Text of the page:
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How a Laser-Plasma Collider Can Instantly Transform Light Into Matter

Scientists from Osaka University and the University of California, San Diego have recently mimicked the creation of matter from photons. It negates what would otherwise be drastic reductions in intensity of modern lasers, and can be easily implemented if current technologies are adopted. It could help in some sort of experimental verification of old models such as Particle Physics Standard Model and possibly call for a new one.

Another spectacular prediction of quantum theory is the ability to create matter from light, and indeed, there are astronomical objects called pulsars. This kind of direct production of matter has not been done in a laboratory although it would take it a step further in challenging the theories of fundamental quantum physics and the contents of the universe.

In Physical Review Letters, one team with researchers from Osaka University mimic situations that facilitate photon-photon interactions, but with lasers alone. It is also a candidate for near term experiment realization due to the simplicity of the scheme and ease of implementation at presently available laser intensities.

Photon–photon collision is assumed to be one of the basic processes involved in the production of matter and is a direct result of E = mc2. In fact, researchers have indirectly produced matter from light: by the high speed impact of ions such as gold metal ions on one another. At such high speed, each ion is surrounded by photons and when passing each other very narrowly, matter and antimatter are created.

Image of self-organized photon collider driven by an intense laser pulse propagating in a plasma. Credit: Yasuhiko Sentoku

However, such precise synthesis of matter is difficult to emulate in modern laboratories by utilizing only laser light due to extremely powerful lasers needed for that purpose. Explaining how this might be done, could realize an experimental breakthrough of this sort in the lab; and this is what the researchers sought to attempt.

“The particle-in-cell simulations we used showed that dense plasma, while interfering with lasers, can self-organize and effectively create photon–photon collider,” says Dr. Sugimoto, the work’s lead author. “This collider,” according to one source, “has a population of gamma rays ten times more dense than electrons in plasma and whose energy is a millionfold greater than the photons in a laser. ”

Self-organized photon collider driven by an intense laser pulse (a) plasma density, (b) magnetic channel, (c) angular distribution of emitted photons. Credit: Physical Review Letters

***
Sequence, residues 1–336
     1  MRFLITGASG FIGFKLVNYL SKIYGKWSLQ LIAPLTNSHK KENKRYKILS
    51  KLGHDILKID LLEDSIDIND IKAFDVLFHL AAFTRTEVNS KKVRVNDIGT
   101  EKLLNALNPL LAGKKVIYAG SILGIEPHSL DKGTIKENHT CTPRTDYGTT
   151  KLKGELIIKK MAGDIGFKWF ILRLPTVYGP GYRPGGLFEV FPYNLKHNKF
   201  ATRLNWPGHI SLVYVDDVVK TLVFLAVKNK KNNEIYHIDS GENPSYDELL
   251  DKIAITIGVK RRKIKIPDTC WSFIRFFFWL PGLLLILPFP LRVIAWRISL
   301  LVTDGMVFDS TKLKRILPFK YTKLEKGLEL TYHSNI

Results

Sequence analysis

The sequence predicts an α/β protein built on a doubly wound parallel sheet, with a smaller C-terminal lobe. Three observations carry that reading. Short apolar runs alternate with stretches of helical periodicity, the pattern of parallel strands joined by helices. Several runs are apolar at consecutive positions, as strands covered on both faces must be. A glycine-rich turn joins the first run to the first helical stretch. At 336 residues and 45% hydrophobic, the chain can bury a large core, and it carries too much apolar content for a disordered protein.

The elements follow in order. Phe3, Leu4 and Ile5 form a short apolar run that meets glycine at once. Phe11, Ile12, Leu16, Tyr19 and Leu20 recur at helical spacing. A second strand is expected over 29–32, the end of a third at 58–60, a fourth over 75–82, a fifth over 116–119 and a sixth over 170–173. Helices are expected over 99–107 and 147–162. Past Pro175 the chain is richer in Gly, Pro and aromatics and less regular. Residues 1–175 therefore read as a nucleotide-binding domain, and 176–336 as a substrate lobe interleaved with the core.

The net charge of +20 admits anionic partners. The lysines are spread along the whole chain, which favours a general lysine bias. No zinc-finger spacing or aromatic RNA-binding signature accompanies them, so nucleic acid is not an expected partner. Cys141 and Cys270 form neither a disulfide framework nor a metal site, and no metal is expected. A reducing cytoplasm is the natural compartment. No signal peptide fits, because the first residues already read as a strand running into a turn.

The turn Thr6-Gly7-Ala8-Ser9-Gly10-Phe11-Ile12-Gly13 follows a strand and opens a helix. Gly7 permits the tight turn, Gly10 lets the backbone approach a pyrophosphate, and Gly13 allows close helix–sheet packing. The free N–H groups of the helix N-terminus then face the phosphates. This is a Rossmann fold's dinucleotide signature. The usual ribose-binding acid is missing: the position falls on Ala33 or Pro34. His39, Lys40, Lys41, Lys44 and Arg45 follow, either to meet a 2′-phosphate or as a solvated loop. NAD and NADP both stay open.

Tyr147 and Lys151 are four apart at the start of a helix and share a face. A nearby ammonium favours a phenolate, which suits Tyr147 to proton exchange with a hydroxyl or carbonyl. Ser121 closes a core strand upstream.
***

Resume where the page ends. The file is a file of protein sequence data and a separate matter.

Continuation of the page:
These electron–positron pairs are created through photon–photon collisions in the collider, and the positrons are later accelerated by a plasma electric field induced by the laser. This leads to positron beam, which can be defined as the flow of positrons in a given direction.

“This is the first time researchers simulated accelerating positrons from the linear Breit–Wheeler process under relativistic settings,” said Prof Arefiev co-author of UCSD. “In our opinion, this work is experimentally viable and we anticipate its real-life application.

According to Dr. Vyacheslav Lukin who is a program director at the US National Science Foundation which funded the work, the following remark can be made, “This research gives an indication of how the great unknown of the universe might be recreated in a laboratory. The future of experiments at the modern and future high-power laser facilities is considerably more interesting. ”

Applications of this work to the fictional matter–energy conversion technology of Star Trek remain just that: Such aunt-nieces are usually depicted in fictions. However, this work appears to be capable of experimentally verifying some of the theories about the constituency of the universe or, at the very least, assist in the discovery of new physics.

Reference:K. Sugimoto et al, Positron Generation and Acceleration in a Self-Organized Photon Collider Enabled by an Ultraintense Laser Pulse, Physical Review Letters (2023). DOI: 10.1103/PhysRevLett.131.065102

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